Trusting other keys a message was encrypted to

vedaal at vedaal at
Fri Nov 6 16:46:21 CET 2015

On 11/6/2015 at 10:11 AM, "MFPA"  wrote:
While writing in the "TOFU for GnuPG" thread it occurred to me that
GnuPG does not look at whether we "trust" the other keys to which an
incoming message was encrypted.

Wouldn't it be reasonable to also look at whether we "trust" other
keys that are seen to be a party to the conversation?


GnuPG already does.

It will ask for each key that you want to encrypt to, if you haven't
trusted it, and ask if you really want to do this.
Assuming that you trusted the person who sent it to you, then it's
reasonable "for that person' to encrypt to other keys that that person
You should encrypt only to keys you trust, and if they trust someone
else's keys they can encrypt your reply to them.

This will defeat an interesting man in the middle attack:
Suppose Alice wants to encrypt to Bob, and Eve, and Rumplestiltsken,
and sends a signed and encrypted message to Bob showing that it was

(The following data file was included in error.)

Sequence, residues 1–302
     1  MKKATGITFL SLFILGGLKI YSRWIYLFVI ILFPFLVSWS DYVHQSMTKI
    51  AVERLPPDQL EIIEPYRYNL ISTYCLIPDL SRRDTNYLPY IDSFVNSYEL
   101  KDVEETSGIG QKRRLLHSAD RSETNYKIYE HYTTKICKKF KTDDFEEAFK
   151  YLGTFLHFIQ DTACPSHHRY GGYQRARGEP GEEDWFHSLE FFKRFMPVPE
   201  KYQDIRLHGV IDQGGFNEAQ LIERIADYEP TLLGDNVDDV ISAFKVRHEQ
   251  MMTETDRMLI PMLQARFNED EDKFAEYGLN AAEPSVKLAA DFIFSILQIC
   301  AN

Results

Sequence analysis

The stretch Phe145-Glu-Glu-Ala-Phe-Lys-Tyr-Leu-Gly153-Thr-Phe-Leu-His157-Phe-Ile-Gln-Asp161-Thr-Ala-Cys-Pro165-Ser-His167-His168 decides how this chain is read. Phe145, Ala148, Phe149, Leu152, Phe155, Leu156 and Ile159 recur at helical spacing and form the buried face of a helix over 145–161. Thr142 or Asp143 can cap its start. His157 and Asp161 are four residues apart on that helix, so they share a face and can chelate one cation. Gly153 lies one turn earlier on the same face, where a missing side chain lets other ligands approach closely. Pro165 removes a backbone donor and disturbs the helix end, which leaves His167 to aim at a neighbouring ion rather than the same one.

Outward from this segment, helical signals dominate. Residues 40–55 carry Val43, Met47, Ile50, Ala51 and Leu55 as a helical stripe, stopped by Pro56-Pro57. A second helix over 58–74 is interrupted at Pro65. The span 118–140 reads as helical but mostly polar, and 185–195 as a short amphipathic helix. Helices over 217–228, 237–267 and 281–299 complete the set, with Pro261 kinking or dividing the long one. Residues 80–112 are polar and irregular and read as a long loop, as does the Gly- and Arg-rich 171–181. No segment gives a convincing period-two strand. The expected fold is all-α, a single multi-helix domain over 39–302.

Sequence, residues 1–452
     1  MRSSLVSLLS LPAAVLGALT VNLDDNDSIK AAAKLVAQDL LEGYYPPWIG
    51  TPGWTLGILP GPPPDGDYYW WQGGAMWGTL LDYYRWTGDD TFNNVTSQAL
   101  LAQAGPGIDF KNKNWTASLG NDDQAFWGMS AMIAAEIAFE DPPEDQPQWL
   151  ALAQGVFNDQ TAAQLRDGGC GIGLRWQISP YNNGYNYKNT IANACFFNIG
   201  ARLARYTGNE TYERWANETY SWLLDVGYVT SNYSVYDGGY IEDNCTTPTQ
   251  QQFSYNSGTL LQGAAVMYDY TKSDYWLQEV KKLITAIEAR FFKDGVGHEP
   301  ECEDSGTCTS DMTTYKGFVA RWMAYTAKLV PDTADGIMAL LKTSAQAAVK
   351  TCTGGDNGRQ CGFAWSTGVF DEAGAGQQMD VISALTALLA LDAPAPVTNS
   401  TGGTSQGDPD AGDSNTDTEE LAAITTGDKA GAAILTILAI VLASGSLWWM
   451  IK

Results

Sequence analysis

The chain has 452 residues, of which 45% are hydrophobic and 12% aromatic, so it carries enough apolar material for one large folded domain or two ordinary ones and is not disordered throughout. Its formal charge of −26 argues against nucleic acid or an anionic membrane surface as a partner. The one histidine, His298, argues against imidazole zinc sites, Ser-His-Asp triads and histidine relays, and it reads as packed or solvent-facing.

also encrypted to Rumplestiltsken, whom Bob does not know.

Mallory can intercept this mail, remove the ESK packet for
Rumplestiltsken, make his own fake Rumplestiltsken key, and encrypt
'any' session key to it, and then add the ESK packet, and make a new
checksum and replace it, and send on the message.

Since you are not able to encrypt either the real or the fake
Rumplestiltsken key, you have no way of knowing if the session key is
genuine or not in that packet.

Now if you routinely encrypt to all the keys when you reply, then
Mallory can decrypt the message.

A prudent workaround when encrypting to multiple keys, is to mention
in the signed plaintext which keys and fingerprints are being
encrypted to, 
and then if there is some pressing reason to multiple encrypt, then
the receiver who trusts the sender's *trust* of the other keys, can go
ahead and multliple encrypt the reply.
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